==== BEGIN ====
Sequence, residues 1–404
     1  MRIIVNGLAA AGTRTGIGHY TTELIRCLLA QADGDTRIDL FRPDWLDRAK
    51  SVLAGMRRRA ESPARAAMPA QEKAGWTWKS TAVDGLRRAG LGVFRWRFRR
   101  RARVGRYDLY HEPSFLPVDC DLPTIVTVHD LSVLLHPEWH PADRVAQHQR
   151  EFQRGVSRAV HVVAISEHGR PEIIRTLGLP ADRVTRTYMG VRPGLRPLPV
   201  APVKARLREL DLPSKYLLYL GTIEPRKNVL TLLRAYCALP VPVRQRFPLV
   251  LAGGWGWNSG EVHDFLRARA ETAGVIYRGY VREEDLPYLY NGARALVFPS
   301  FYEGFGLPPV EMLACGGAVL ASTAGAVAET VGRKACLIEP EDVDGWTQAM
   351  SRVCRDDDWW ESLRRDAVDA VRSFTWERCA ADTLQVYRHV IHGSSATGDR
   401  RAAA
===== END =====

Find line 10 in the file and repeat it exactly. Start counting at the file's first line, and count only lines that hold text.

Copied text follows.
   401  RAAA